Celebrating our volunteers

On International Volunteer Day we hear from two of our perinatal volunteers on what it means to them to work at the Trust

Today is International Volunteers Day, which gives us an opportunity to consider the value of volunteering from both sides of the equation.

Here, Balvinder Dosanjh our Clinical Engagement, Access & Inclusion Co-ordinator who works at The Mount, talks about the intrinsic benefits that volunteers bring to our perinatal services. After that come blogs from two of those volunteers who give you their perspective on what it means to be a volunteer at Leeds and York NHS Partnership Foundation Trust.

“As a service we believe in providing the highest quality of care to all our patients and their loved ones. We recruit volunteers that we like to call “experts by experience”, people who have a lived experience of going through their own perinatal journey and coming out the other side. Being able to share that with our patients is vitally important as it provides not just a connection, but a sense of empowerment, hope and belonging that builds self-confidence and self-belief. It also, helps reduce isolation and breaks down barriers that can often make people feel they are alone or silenced by their illness.

“Our expert by experience people are extremely valued members of our team. The impact they have via the support they provide to our parents goes beyond words. Many mums accessing our service have shared how speaking with them has lifted and inspired them to move forward positively. As one of our patients said to me “having someone who looks like us and talks like us, is important to me”.

Our volunteers help raise awareness of perinatal mental health difficulties in the wider community as well as our service and we are so grateful for their dedication, support & commitment. Their support is pivotal in helping to improve maternal mental health outcomes for our diverse communities as we can’t do this alone, so we stand together as a community as one.”

                                                                                                                             Balvinder Dosanjh

Why I volunteer

“My early 20s was such a challenging period for me. I was a student, and a young black single mother; that brought plenty of difficulties. It felt like each day my life was put at a risk, so the morning of each new birthday felt like a miracle.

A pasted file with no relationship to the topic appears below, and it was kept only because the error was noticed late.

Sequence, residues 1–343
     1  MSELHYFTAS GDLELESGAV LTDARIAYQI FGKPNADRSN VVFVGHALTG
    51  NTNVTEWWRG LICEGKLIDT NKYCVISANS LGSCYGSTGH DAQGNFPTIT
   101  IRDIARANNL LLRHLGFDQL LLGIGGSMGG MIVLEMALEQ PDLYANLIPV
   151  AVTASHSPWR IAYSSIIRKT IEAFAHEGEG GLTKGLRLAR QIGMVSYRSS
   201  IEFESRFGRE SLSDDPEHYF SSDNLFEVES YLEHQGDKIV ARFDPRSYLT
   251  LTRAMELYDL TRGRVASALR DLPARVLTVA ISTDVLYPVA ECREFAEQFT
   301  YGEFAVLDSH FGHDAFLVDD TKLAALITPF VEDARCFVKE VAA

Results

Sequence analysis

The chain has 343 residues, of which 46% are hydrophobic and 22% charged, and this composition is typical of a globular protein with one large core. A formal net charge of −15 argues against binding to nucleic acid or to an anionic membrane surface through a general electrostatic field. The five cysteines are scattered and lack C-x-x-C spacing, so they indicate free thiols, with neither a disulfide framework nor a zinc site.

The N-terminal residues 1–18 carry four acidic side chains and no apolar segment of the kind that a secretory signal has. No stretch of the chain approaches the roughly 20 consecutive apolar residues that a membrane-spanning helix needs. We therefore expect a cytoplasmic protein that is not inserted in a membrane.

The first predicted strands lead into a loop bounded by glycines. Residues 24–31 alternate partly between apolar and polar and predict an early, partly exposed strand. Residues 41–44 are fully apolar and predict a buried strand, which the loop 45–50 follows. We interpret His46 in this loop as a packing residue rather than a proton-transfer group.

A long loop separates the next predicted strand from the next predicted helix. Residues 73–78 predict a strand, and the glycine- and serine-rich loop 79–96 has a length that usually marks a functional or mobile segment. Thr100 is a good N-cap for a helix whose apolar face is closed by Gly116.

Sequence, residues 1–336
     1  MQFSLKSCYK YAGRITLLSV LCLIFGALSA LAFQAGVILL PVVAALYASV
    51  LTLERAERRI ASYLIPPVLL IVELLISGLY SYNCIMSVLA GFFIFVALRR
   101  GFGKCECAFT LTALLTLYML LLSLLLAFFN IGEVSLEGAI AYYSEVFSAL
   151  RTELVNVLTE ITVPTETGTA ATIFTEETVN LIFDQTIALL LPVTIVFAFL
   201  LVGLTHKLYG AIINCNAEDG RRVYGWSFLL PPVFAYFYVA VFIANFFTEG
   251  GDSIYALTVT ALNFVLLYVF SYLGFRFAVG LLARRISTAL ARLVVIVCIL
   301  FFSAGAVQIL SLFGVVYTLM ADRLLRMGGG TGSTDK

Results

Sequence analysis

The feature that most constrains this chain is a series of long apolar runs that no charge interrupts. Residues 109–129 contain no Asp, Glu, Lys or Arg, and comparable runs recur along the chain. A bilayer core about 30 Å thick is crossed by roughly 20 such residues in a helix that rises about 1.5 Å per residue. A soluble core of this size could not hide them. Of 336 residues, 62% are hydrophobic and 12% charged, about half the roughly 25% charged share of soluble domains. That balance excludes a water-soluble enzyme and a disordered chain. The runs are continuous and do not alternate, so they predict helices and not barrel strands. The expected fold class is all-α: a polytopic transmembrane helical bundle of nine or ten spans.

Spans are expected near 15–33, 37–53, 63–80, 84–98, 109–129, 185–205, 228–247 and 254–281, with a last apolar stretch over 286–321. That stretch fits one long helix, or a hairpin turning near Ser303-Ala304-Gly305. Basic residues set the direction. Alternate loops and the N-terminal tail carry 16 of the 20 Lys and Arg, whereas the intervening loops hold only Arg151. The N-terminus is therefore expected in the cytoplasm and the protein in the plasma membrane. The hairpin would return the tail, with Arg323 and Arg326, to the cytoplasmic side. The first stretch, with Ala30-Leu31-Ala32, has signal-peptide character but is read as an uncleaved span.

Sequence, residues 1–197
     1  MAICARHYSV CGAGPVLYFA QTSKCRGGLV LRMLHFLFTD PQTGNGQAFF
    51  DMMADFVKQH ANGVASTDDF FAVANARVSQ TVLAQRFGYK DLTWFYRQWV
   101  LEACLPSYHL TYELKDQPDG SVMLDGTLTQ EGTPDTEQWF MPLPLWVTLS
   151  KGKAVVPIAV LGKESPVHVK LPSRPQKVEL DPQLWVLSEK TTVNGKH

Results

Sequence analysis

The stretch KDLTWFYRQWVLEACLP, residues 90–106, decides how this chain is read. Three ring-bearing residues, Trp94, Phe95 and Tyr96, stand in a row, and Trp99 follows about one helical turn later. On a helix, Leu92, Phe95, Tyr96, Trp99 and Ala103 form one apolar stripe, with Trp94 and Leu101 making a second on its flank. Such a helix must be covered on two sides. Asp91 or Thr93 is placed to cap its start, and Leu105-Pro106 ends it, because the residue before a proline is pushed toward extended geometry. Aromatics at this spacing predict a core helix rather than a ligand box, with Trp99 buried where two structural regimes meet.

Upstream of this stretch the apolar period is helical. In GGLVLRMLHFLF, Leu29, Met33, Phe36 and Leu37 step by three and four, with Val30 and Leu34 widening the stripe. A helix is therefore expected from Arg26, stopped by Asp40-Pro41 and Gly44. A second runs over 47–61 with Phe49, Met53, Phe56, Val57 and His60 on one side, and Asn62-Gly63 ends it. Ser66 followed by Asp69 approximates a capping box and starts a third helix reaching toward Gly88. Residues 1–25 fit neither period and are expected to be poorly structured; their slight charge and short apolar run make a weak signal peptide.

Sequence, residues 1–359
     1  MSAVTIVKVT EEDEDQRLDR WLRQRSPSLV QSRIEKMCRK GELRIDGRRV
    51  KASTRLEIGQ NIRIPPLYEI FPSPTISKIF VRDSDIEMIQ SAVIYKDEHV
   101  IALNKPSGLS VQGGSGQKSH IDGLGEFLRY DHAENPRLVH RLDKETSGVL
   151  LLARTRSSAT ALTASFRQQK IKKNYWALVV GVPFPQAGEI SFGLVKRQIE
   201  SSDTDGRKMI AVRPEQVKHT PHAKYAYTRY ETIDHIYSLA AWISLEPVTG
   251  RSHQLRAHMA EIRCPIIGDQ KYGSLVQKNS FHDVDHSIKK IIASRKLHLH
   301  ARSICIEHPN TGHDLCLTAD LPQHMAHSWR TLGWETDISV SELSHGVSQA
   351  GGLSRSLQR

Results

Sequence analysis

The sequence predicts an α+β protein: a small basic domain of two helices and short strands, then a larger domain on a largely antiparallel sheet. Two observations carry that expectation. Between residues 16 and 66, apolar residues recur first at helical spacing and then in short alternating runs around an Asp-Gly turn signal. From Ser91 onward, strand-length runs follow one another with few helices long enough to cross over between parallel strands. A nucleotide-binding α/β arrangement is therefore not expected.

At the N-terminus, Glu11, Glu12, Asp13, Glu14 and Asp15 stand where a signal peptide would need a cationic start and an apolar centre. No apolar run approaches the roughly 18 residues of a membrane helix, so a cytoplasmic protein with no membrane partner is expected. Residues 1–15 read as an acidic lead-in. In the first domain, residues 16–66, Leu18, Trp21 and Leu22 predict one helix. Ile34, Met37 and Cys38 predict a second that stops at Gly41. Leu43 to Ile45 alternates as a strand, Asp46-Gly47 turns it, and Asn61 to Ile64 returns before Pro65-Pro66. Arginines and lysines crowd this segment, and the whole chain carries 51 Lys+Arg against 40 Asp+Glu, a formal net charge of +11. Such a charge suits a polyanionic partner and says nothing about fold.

“Volunteering to me feels like the opposite of giving. Rather than me providing help and assistance, I feel like volunteering is a constant learning experience for me. It teaches me and opens my eye to the world out there. Most especially volunteering within this service.  As a previous service user myself, I got to receive so much love and support that it felt unnatural not to give back. I feel immense gratitude to the works done by the service. More importantly because of the nature of diversity, inclusion and the never-ending tackling of mental health at its core.

“I continue to volunteer because it gives me purpose, it gives me a sense of belonging, I am able to relate with others and vice versa. Not to sound clichéd, but it does make me more passionate about life and humanity. It forces me to be more self-aware and observant of the people in my community and environment as a whole. It allows me to be culturally and socially open to differences and help advocate against negative stereotypes and shed light to a more progressive way of thinking.

“I continue to volunteer in hope of leaving even a footprint that could be of benefit to someone out there. Additionally, it continues to take me one step closer to being hopefully an even better version of the person I am today.”

                                                                                                                               Marilyne Ebu

Providing hope

Volunteering as a peer support worker for the Perinatal Mental Health Service within LYPFT has been such a fulfilling experience for me. Having used the service twice myself during my pregnancies, volunteering has been an opportunity for me to give back to those who did so much for me. As a British-Pakistani Muslim woman, being able to break through cultural barriers by sharing my lived experience has been so important. I have loved helping to facilitate the Diverse Mums Group, where I have seen mums feeling reassured, confident, and empowered. Volunteering has enabled me to help other mums who are going through the same as what I did to know that they are not alone. It is important for the mums to have hope and to know that they will get better. Volunteering allows me to reach out and connect to mums and to let them know that they are understood and valued. I have loved seeing so many mums positively come through their journeys, and this is what makes volunteering so rewarding.”

                                                                                                                                            Sadif Najmi